Download the poster (.pdf), which was originally shared at the British Contact Lens Association (BCLA) Clinical Conference and Exhibition, 2013.
Conjunctival UV autofluorescence in eye care practitioners
James Wolffsohn (BSc PhD PgCertHE PgDipAdvClinOptom MBA MCOptom FHEA FBCLA FAAO) ∗, Tom Drew (BSc (Hons), Anna Sulley (BSc (Hons) MCOptom FBCLA FAAO)
Purpose: Autofluorescence of ultraviolet light (UV) has been shown to occur in localised areas of the bulbar conjunctiva, which map to active cellular changes due to UV and environmental exposure. This study examined the presence of conjunctival UV autofluorescence in eye care practitioners across Europe.
Method: Images were captured of 162 eye practitioners right eyes in the UK, Netherlands, Greece and the Czech Republic (average age 37.6 ± 13.1 years, 37% male), using a Nikon D100 camera and dual flash units through UV filters. Any UV autofluorescence was outlined using ImageJ software and the nasal and temporal area quantified. Data was also elicited on their demographics and lifestyle including general exposure to UV and any refractive correction.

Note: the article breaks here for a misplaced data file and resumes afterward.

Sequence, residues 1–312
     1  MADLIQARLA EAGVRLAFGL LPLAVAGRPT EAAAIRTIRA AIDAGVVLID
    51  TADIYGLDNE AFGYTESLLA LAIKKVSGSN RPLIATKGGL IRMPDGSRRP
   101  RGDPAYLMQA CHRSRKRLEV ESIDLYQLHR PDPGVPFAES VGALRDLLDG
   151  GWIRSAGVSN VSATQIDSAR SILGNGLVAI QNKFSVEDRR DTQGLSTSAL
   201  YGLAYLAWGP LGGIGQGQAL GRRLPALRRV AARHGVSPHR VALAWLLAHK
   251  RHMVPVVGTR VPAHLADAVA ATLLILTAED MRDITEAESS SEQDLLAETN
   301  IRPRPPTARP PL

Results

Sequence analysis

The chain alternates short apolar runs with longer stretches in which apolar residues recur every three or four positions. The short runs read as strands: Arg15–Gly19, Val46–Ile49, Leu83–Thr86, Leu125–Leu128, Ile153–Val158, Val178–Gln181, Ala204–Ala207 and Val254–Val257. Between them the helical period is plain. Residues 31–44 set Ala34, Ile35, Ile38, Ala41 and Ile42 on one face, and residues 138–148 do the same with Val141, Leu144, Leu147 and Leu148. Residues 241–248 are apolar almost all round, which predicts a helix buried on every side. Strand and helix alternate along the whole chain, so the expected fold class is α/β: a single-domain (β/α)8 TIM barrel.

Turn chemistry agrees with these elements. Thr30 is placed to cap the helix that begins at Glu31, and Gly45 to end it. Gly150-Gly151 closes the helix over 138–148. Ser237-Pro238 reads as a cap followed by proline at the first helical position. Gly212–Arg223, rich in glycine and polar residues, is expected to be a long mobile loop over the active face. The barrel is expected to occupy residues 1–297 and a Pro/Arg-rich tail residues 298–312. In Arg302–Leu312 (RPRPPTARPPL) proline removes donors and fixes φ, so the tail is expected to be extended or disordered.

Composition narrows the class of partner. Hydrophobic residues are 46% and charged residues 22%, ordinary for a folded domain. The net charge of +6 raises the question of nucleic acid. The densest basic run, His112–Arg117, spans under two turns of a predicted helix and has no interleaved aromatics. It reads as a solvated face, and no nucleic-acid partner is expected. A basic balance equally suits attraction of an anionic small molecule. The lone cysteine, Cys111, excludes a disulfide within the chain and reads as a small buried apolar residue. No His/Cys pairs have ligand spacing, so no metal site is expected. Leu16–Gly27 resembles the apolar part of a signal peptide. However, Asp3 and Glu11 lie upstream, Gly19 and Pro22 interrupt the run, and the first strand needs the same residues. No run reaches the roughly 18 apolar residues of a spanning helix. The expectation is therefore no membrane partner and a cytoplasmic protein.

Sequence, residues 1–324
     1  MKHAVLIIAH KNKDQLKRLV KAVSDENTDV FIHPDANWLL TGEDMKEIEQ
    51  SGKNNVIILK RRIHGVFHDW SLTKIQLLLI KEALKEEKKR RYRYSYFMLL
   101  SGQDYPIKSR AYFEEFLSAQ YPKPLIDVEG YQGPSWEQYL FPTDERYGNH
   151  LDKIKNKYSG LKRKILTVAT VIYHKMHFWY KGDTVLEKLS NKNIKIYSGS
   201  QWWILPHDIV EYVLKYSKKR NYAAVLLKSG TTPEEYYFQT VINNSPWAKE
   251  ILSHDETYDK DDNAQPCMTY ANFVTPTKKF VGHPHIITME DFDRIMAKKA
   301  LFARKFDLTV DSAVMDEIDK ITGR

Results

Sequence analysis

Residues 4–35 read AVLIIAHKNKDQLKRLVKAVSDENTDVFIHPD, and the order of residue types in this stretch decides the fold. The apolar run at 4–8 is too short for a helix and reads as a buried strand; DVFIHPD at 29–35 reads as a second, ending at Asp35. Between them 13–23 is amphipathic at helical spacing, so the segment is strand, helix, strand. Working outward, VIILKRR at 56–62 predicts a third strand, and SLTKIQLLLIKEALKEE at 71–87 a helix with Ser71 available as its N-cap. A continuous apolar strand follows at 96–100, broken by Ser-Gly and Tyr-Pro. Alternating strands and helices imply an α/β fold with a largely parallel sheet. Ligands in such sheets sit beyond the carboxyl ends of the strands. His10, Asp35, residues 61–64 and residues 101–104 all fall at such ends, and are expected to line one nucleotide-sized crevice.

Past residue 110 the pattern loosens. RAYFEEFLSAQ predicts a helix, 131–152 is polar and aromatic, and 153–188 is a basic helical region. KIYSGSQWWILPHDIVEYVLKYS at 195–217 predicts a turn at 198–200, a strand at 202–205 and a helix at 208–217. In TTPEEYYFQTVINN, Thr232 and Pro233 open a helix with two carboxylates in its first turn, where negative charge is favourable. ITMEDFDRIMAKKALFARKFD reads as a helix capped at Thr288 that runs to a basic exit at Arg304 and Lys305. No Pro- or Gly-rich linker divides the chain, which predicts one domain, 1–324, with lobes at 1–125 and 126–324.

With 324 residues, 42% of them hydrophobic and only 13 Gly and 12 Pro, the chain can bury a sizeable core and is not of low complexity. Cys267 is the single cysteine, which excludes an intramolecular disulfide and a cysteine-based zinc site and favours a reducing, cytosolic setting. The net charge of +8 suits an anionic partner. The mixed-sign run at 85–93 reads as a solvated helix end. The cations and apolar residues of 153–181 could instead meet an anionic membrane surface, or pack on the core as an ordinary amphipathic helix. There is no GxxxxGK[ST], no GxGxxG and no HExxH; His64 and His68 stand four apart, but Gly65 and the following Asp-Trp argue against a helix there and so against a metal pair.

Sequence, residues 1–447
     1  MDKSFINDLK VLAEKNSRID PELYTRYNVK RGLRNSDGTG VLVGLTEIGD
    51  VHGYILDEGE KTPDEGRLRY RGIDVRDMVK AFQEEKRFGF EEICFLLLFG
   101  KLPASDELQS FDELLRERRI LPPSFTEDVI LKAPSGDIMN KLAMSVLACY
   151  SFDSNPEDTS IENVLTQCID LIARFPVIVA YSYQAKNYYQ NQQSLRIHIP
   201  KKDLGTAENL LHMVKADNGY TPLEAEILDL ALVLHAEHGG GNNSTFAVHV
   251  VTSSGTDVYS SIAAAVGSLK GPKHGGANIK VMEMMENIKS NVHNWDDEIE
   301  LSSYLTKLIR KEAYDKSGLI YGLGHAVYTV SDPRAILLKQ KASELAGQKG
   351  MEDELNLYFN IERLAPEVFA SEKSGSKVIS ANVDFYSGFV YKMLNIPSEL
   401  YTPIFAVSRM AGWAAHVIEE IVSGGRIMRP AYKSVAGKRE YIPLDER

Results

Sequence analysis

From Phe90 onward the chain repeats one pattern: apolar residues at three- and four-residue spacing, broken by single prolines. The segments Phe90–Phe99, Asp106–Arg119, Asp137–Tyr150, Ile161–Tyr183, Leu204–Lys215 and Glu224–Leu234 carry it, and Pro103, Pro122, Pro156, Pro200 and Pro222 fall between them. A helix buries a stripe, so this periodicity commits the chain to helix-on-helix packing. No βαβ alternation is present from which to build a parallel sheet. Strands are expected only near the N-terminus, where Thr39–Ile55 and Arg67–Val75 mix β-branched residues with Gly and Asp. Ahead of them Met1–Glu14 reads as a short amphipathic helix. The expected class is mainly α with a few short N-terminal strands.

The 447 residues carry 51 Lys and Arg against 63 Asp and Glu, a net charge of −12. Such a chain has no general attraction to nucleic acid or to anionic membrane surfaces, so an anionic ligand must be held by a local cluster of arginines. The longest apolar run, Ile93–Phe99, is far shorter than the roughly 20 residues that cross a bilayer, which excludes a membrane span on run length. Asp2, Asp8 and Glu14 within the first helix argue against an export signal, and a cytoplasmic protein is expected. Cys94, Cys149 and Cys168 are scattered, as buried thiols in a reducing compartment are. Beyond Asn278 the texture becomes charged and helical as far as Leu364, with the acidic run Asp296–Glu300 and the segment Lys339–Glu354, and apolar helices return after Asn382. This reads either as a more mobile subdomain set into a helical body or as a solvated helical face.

Results: Sixty two percent of eyes had some conjunctival damage as indicated by UV autofluorescence. The average area of damage was higher (p = 0.021) nasally (2.49 ± 3.79 mm2) than temporally (1.83 ± 2.86 mm2). Nasal UV damage reduced with age (r = 0.25, p = 0.008), but was similar between genders (p = 0.160) or reported sun exposure lifestyle
(F = 0.221; p = 0.802). However, UV damage was greater in practitioners who worn no visual correction compared to contact lenses alone or combined with glasses (F = 4.559; p = 0.005).
Conclusions: UV conjunctival damage is common even in Europe and amongst eye care practitioners. The damage increases with age indicating the effect is cumulative and the greater damage nasally than temporally is expected to be due to the peripheral light focusing effect. Contact lens may offer some protection to such adverse effects compared to no visual correction.